My first weeks in New York, I found myself trying to function under constant low-level panic. Part of this was just that moving always makes my anxiety spike. But the other side of that panic, I realized, was that suddenly everyone went from looking like me to mostly not looking like me. I am a minority again, and I’m out of shape.  

When I share this observation with well-meaning friends and acquaintances who ask me if I am excited to be back home in the U.S., people are surprised. “Oh my God, I never thought of that,” they say.

While I appreciate people listening and offering support, I want to scream, “It must be nice!”  

It must be nice to not wonder a thousand different things when a stranger looks you up and down in public.

Do they have an Asian fetish? Are they surprised to see an Asian person at this place? Do they hate Asian people? Do they hate non-white people? Do they hate immigrants? Do they hate women? Do they hate women immigrants? Am I going to be told to “Go back to China!” again? Am I in danger?

Part of living as a minority in America is having an almost sixth sense about when someone is going to be terrible. It’s the tone of the voice, little tidbits of “those people” lingo that slip into conversation, the varying degrees of surprise concerning something about me that defies stereotype (“You’re so expressive for an Asian!”).

There are gradations of terrible people, and I used to have a clear idea of who I could handle, who was just misguided and could be open to learning, who was flat-out dumb, and who was obstinately racist and not worth my time. These classifications kept me sane and helped me survive. 

But my gauge is broken. My “minority muscles” have atrophied, I find myself on hyper alert, wary of people in a way I’ve never been before. It’s exhausting; it’s no way to live.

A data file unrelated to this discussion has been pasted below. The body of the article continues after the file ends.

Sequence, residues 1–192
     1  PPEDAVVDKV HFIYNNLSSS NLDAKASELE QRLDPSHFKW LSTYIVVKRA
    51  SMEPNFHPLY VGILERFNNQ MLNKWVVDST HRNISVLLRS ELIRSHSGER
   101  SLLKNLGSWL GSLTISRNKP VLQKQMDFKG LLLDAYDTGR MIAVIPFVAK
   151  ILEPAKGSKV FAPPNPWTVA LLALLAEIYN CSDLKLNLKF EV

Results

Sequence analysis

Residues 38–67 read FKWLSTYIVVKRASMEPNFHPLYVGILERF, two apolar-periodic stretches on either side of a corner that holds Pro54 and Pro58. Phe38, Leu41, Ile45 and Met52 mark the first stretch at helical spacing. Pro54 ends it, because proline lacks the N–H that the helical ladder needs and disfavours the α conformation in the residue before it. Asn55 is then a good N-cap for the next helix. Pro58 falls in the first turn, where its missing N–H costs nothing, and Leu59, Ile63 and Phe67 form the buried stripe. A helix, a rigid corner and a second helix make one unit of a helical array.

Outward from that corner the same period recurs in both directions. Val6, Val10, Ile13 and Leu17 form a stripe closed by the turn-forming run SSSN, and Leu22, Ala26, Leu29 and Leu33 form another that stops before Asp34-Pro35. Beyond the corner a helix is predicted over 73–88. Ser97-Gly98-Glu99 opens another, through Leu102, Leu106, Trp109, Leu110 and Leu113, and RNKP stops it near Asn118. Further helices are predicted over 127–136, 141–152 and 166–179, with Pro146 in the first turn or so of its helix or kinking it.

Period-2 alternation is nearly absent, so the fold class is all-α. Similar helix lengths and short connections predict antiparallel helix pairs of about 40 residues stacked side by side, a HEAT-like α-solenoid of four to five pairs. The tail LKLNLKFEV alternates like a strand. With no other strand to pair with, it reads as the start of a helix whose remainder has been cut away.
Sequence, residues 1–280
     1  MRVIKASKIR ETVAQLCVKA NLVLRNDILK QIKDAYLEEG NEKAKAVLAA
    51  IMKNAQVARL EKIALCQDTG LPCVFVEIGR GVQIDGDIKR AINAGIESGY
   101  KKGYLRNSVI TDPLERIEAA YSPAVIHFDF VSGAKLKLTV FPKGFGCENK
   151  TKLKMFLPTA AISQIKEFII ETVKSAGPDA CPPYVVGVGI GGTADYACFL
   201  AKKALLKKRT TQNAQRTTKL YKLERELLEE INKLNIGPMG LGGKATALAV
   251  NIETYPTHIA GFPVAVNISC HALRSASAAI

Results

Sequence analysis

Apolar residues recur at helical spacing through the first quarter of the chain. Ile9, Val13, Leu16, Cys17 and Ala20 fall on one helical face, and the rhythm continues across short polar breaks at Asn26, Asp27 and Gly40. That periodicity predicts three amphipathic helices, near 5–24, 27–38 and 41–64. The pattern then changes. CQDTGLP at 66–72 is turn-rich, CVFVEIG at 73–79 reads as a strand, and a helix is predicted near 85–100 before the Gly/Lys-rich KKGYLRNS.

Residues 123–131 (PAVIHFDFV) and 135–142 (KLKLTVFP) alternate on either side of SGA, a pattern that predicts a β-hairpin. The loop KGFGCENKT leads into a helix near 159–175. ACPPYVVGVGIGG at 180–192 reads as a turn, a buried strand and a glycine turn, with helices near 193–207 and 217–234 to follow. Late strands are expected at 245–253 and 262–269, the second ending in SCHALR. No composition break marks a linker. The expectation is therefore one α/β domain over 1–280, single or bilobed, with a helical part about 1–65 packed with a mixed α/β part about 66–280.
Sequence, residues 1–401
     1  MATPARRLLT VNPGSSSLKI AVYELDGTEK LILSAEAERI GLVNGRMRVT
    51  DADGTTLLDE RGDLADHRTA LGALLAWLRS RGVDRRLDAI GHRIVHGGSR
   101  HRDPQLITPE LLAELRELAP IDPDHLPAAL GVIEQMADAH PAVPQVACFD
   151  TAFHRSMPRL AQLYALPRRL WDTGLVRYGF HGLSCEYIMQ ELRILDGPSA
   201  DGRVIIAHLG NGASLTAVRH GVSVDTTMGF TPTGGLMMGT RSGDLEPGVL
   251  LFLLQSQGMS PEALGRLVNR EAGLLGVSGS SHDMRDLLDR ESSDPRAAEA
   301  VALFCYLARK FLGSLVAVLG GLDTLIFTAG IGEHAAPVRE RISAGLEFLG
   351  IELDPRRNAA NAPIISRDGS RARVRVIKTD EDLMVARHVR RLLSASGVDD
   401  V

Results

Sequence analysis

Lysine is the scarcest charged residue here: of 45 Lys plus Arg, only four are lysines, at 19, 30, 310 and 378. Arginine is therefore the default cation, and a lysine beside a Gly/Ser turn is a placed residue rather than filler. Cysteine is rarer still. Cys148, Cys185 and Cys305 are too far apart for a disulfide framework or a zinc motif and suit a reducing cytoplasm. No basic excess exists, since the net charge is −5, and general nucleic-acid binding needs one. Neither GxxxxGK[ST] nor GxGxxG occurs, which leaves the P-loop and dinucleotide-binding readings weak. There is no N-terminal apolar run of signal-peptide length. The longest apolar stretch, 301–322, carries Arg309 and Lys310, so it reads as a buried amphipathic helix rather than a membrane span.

And I know there’s a balance ― I’ve lived that balance before ― I just can’t seem to find it right now.

While I should feel like I belong, I don’t, not quite. The reality at any given moment may be that nobody is noticing me, nobody is noticing my race, nobody cares ― but there’s always the possibility that they do. The main difference in living life in the minority is there is always the possibility someone will have a problem with me just because of the way I look, because of the man I’m married to, because of where my birth certificate is from.

But fear and anger are not places I want to live in. It’s a part of who I am as an Asian-American woman, but it can’t be all of me. That’s a win I’m not willing to give to the other team.

So when I heard someone refer to me as “that Chinese girl” the other day when I got in their way on the sidewalk, I allowed myself to feel the sting of the moment, the mourning for the life I left, and then moved on.

I may be a minority, an Asian-American woman living in a turbulent America ― at times struggling to live in a turbulent America ― but I know I’m also that cheese-hoarding, glasses-wearing, overly enthusiastic woman waving her hand in the air, unafraid to be seen.